I spent today doing stuff - trying to figure out what went wrong with a grant (one where funds, without our knowledge, were sent BACK to the granting agency...and yes, I know - that's the wrong direction!), trying to track down my father's physician to find out the results of his CT scan (no luck there), talking to someone at the Jefferson Area Board for the Aging (through their Care Advantage Plus folks) for someone who might come in and look after my father or perhaps live in an apartment (in the house) and just be around in case he needs someone, checking on manuscript edits, manuscript reviews, grants...yeah, stuff.
Then the lab met at Moe's for their every-other-week happy hour, where we discussed (once again) whether a zombie could be headless, whether the former senior graduate student and the eclair-baking postdoc would make good senators, and...you get the picture. It was Friday evening...what do you expect from us?
Aren't the aging flowers of the swamp sunflower (Helianthus augustifolius) delightful? I always think that they look as if they are dancing - moving first this way, and then that way - swaying with the sound of the wind.
Now...what is the lingering question of the day? Well, here it is:
Can a zombie be headless?
You see, my thought is yes. But in a conversation with the eclair-baking postdoc, he said definitively NO - because they eat brains blahblahblah.
You see, these are the kinds of in-depth discussions that scientists have while avoiding asking themselves questions that they need to answer (and perhaps at the moment don't know how to answer, so must find other equally significant questions to distract themselves with).
According to this piece, there is evidence that zombies can indeed be headless.
(Required background information: I was thinking today about what the focus of a headless scientist seminar would be - first, we know that headless scientists do not have the traditional brain. So - once a zombie eats a humans brain, is there ever a chance that the human then survives...in a headless form? And would it then be a...headless zombie? So would the seminar possibly be about the sequencing of the Headless Human...or Headless Zombie...genome? We already have the headless non-zombie scientists, for reference see 2006, 2007, and 2008.)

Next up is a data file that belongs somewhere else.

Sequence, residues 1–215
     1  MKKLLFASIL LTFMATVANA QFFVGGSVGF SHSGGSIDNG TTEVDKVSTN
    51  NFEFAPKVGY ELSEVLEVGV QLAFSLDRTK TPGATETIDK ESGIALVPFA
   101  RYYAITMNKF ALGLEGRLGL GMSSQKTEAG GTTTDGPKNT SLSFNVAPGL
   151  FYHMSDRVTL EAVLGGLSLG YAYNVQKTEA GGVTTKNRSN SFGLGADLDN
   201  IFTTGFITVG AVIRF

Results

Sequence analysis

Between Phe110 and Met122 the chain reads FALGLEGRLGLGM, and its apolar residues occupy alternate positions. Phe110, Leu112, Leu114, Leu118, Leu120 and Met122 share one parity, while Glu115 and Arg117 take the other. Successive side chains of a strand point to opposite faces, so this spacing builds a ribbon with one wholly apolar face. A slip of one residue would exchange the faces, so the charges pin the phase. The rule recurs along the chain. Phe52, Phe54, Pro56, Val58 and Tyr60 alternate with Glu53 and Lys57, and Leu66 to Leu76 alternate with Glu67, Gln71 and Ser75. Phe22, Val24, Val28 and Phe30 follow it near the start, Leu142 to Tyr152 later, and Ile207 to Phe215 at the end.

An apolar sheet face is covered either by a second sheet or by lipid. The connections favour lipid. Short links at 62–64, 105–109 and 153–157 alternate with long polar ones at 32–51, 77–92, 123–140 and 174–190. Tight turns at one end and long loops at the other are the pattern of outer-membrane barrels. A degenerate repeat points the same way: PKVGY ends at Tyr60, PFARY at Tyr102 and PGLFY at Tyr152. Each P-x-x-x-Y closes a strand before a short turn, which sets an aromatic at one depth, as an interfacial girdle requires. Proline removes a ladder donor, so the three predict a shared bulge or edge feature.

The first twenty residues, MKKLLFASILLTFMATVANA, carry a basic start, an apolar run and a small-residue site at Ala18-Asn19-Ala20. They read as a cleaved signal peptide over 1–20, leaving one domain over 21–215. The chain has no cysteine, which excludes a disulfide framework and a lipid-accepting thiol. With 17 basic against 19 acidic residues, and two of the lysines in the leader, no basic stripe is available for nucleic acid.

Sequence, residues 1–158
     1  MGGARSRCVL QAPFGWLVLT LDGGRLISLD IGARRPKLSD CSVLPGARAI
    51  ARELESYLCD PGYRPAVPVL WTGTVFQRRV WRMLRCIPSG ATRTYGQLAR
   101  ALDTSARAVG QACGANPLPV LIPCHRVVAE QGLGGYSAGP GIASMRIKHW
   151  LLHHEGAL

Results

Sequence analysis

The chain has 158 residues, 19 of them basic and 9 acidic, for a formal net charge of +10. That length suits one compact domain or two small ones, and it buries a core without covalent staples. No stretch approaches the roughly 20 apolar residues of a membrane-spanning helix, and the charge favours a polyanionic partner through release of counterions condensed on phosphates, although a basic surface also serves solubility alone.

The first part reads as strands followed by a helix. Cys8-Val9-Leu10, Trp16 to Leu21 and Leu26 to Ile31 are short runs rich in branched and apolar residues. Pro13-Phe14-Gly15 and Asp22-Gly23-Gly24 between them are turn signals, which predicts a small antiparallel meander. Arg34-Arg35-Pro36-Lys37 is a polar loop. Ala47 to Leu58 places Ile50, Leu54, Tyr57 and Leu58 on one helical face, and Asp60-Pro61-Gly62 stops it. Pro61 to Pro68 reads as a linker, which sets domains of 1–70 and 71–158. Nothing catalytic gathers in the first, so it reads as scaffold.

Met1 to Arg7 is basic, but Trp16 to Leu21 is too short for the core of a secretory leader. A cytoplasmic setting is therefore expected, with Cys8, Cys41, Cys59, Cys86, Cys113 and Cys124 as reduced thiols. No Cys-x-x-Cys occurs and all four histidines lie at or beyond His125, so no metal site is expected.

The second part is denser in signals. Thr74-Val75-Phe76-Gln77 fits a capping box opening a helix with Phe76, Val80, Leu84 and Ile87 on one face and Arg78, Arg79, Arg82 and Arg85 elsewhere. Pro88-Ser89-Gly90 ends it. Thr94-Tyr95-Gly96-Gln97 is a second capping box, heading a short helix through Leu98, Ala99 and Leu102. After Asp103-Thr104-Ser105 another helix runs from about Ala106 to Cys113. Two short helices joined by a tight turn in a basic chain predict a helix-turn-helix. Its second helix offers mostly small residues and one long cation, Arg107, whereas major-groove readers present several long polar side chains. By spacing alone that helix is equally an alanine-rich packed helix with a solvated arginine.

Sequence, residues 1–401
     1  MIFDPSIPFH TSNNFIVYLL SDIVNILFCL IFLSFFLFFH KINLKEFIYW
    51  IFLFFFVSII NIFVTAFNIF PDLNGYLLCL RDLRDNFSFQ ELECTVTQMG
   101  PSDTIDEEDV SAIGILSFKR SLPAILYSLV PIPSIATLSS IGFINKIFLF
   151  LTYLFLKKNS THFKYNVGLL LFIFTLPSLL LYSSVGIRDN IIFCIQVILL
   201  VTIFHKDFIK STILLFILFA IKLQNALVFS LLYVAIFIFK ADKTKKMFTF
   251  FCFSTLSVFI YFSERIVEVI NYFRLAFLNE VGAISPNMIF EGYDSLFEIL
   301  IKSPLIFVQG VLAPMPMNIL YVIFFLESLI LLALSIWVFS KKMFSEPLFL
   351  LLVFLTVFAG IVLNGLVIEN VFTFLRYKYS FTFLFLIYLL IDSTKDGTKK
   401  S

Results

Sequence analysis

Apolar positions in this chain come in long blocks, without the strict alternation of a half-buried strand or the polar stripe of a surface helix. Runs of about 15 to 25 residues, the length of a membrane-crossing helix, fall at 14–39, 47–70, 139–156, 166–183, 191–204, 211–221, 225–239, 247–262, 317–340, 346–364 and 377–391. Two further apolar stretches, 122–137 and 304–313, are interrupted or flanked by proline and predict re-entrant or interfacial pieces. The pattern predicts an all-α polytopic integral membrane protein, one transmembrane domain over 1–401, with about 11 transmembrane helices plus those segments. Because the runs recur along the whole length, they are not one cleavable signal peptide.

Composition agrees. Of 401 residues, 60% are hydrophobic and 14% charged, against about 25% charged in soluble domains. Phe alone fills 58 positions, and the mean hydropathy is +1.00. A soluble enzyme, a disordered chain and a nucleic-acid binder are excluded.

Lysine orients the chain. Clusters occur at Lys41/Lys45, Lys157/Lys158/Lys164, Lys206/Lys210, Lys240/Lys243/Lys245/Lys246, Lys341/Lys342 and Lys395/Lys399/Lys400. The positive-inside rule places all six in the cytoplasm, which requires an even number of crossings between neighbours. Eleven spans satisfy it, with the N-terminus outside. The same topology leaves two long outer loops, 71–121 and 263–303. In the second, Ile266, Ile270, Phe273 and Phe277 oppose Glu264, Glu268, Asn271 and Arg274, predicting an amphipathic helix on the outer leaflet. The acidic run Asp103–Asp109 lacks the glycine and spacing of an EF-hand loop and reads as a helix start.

Camellia sasanqua 'Apple Blossom' - the new flowers start out with pink edges that fade as they age - it really is a pretty sasanqua. My garden now has four sasanquas - two of which are now blooming. Oh wait, it's five - I forgot about my tiny 'Fragrant Pink' that my favorite camellia grower gave me - it is still quite small and doesn't have any blooms.
In the recent Middle Georgia Camellia Society awards, 'Leslie Ann' won best sasanqua - just in case you're into that kinda thing. I'm not terribly in to that kind of thing (I say this, but then I did go and look, didn't I?).
The other day I told the eclair-baking postdoc that I needed a herding dog to herd the Pointer Sisters. Now, in some twisted way, that makes alot of sense, don't you think? I could train the herder, and then give up on the next-to-impossible task of training the pointers. Fortunately, as I type this, they are being well-behaved Airstream occupants. No one believes me when I tell them how peaceful my Airstream evenings are...but it is true.
Another sansaqua, Camellia sasanqua 'Cotton Candy'. I've shown images of this one before.
The suggestion was made yesterday that I should put two half slices of bread (to scale) on top of my Airstream for Halloween and call it a toaster. Hilarious, don't you think? However, like many good ideas - it's been done before. Dang.
I'm thoroughly enjoying my perennial morning glory covering part of my front fence - the flowers are such a beautiful blue in the early morning, before they start to fade to pink - they really are stunning. I'm beginning to experience their invasiveness however, as vines start creeping along the ground all around. Thus far, I've been able to keep it from taking over...thus far.
Since I'm trying hard to be fiscally responsible these days due to my current job(less) situation (aka dysfunctional situation) - I've had several fellow plant-obsessed friends and colleagues provide a 'fix' for me every now and then. Today a work colleague brought in a large bulb that is a lily of some kind, perhaps a crinum - all he told me was that it is summer blooming (I forgot to ask him the color). It will be my weekend 'planting fix'...